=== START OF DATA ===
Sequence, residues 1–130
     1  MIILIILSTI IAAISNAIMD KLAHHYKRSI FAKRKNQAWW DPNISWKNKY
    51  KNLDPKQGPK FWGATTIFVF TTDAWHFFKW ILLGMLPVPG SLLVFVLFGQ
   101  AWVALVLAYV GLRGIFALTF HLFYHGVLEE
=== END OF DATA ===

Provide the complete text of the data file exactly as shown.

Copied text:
Sequence, residues 1–130
     1  MIILIILSTI IAAISNAIMD KLAHHYKRSI FAKRKNQAWW DPNISWKNKY
    51  KNLDPKQGPK FWGATTIFVF TTDAWHFFKW ILLGMLPVPG SLLVFVLFGQ
   101  AWVALVLAYV GLRGIFALTF HLFYHGVLEE